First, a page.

Introduction: Creating Vessels in Rhino

The ideas guiding this project were to design 3D objects using technology as a tool for sketching and idea generation. Along with these ideas, I was working towards bringing the models into 3- dimensions by utilizing laser cutting and cnc routing as a method for form generation.

I used Rhinoceros for Mac- They have a free beta version that can be downloaded here: http://www.rhino3d.com/mac

Step 1: Making Vectors

Rhino is an intuitive program in the sense that you are able to draw lines similarly to how you would if you were doing it by hand. The only difference is that you have technology working in your favor in order to maintain a sense of precision.

The first part of designing a vessel is to create vectors of the top and bottom shapes as well as the shapes that act as definitions in between the top and the bottom of the vessel.

Vectors are the starting off point for the vessel, you can use rhino's line tools or shape generation tools to create the vectors you want. Make sure the shapes are closed shapes, otherwise you will run

Create as many shape definitions as you want and space them accordingly so that the vessel is the height you prefer. Use the gumball tool to move the vectors to their appropriate heights.

Step 2: Making the Profile of the Vessel

In order to make the profile you need to use one of the many line tools.

You can use the straight line tool or there are many curved tool options that you can use. For my work, I prefer to use the curved line tools.

Turn your grid snap tool on and make sure that the selection 'end' is selected because you want to make sure the profile you're adding is going to be attached to the form.

Switch to front view and put as many defining points as you would like for the line. Remember, the more points you put, the more complicated the line. If you are looking for a more natural, organic curve put less defining points.

Step 3: Sweeping Rails

Now that you have the components necessary to make the vessel form, we will use the 'sweeping rails' tool to finish the vessel.

In the command section in rhino, type 'sweep 2' and press enter.

It will prompt you to select the first rail, select the top vector. It will then prompt you to pick the another, make sure you pick them in order from top to bottom.

Select the cross section and then press enter. This will make your vessel.

Step 4: Cap the Vessel

In order to use this model in applications for CNC Routing or Laser cutting, you must 'cap' the vessel to create a solid, closed form. To do this, type 'cap' into the command bar and select the vessel.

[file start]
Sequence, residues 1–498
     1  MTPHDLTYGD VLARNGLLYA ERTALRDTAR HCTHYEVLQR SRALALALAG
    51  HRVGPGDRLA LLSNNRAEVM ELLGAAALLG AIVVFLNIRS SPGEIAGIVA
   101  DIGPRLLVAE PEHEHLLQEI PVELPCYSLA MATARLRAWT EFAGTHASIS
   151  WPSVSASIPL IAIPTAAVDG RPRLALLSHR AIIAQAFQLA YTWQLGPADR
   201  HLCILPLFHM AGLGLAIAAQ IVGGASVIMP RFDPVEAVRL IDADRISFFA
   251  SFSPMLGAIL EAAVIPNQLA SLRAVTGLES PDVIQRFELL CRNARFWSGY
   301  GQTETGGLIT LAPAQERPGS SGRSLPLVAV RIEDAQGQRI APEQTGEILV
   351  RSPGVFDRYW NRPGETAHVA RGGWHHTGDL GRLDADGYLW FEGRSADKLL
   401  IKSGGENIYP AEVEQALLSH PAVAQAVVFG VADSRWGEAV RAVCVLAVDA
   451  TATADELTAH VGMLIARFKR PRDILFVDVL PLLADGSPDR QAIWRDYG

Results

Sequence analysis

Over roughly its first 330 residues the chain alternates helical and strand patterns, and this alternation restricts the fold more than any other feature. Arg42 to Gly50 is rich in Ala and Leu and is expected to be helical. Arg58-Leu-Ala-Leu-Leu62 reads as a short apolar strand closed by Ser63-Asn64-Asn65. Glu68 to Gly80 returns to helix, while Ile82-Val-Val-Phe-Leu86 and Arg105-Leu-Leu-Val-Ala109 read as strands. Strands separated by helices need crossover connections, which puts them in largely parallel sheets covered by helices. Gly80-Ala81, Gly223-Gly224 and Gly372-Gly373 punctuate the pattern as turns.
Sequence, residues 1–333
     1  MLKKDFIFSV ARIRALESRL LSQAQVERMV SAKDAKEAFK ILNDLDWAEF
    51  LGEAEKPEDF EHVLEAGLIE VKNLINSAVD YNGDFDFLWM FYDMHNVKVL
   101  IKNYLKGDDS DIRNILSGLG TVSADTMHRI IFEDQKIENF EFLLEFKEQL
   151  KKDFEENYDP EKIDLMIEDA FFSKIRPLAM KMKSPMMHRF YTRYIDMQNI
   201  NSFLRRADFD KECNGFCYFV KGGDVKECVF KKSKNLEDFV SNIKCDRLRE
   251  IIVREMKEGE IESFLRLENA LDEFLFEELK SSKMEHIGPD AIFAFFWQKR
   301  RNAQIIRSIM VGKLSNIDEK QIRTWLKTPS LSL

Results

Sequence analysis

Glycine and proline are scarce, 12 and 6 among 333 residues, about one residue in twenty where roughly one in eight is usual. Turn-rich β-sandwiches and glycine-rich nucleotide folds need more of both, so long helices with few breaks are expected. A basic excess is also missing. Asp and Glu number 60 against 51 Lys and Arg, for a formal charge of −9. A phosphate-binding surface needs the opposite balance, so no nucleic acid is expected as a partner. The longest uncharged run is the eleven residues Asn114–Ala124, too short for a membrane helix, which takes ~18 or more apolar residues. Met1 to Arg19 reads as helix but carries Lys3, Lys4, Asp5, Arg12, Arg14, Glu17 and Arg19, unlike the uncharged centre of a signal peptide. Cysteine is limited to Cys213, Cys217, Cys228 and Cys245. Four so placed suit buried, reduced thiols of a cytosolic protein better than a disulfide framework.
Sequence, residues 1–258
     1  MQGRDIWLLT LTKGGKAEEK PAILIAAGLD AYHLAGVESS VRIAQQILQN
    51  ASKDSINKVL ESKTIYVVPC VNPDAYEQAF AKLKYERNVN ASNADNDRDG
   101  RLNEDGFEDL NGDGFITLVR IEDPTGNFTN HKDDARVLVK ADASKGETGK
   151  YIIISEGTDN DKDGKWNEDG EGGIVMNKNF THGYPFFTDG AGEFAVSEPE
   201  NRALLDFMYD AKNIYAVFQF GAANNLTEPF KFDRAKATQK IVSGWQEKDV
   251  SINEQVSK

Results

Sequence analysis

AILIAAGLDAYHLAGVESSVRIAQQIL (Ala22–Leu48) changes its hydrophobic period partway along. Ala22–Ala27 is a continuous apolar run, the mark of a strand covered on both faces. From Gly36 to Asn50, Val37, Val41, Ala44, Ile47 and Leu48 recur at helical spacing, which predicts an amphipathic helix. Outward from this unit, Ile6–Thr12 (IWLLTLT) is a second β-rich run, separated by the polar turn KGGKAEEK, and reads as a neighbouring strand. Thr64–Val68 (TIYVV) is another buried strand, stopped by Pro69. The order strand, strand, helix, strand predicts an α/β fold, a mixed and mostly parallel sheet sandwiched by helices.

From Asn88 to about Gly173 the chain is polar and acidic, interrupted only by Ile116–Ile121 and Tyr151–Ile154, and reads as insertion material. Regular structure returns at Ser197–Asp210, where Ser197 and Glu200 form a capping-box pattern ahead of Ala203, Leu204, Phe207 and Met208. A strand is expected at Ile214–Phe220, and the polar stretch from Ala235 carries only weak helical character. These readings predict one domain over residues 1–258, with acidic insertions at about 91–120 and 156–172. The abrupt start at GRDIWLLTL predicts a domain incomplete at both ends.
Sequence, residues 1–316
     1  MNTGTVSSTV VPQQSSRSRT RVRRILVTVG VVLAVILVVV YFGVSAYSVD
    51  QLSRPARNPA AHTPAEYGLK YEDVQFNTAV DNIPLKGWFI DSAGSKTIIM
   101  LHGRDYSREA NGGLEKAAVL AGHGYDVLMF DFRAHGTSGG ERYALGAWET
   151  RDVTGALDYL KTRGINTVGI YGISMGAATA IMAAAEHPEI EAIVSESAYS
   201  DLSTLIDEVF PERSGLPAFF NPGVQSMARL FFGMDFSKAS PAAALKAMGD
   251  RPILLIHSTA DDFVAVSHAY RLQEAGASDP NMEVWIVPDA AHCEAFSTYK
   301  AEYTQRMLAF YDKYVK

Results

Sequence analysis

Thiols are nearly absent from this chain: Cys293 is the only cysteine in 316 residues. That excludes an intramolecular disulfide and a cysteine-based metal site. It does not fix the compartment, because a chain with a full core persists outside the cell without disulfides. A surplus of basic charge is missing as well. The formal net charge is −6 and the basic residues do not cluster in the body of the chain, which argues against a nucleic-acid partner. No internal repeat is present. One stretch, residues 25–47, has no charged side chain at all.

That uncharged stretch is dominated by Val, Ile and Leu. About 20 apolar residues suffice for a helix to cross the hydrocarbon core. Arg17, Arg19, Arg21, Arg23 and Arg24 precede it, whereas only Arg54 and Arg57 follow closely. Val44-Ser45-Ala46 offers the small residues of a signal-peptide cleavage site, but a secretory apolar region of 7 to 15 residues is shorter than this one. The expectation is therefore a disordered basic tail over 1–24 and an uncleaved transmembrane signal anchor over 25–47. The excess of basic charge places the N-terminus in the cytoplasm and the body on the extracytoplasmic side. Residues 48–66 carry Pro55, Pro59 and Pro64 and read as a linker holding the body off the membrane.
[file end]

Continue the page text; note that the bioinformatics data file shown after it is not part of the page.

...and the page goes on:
Step 5: CNC Routing

You can now use your model for CNC Routing or Laser cutting purposes.

For CNC routing, the machine that we have uses Aspire software. The object was prepared for cutting by dividing the object into 4 pieces that didn't have any undercuts. Another consideration in how large of a tool you have and how much material it can handle. I used a 6" end mill bit to cut 4" of pink foam material.

After cutting the foam, I assembled the model together using spray adhesive and then used joint compound of the surface to give it a smooth, mold ready surface. In the end, I want these pieces to be made out of clay, so I will be making plaster molds of the objects I produce.

In order to get a smooth surface, I sanded the joint compound between layers with fine drywall sandpaper to get a smooth surface.

Step 6: Laser Cutting

You can also export stl files from rhino and bring them into a program called 123D Make. This program is also a free download and you can find it here : http://www.123dapp.com/make.

Once you bring your file into the program you can resize the object, but you need to remember how large the laser cutter is before you make an object that exceeds the limits of the machine.

You use the left sidebar to alter the object. I used a slotted setting to get an object that I could fill with clay before making a mold of the object.

For this object, I used masonite for the design. The laser took the pdf file from 123D Make and used the vectors on that program to act as cutting lines in the main program.

After all the cutting is finished assemble your object using corresponding markings on the slots.

Step 7: A Model of a 3D Vessel

Now you have a prototype of a 3D vessel made in rhino.

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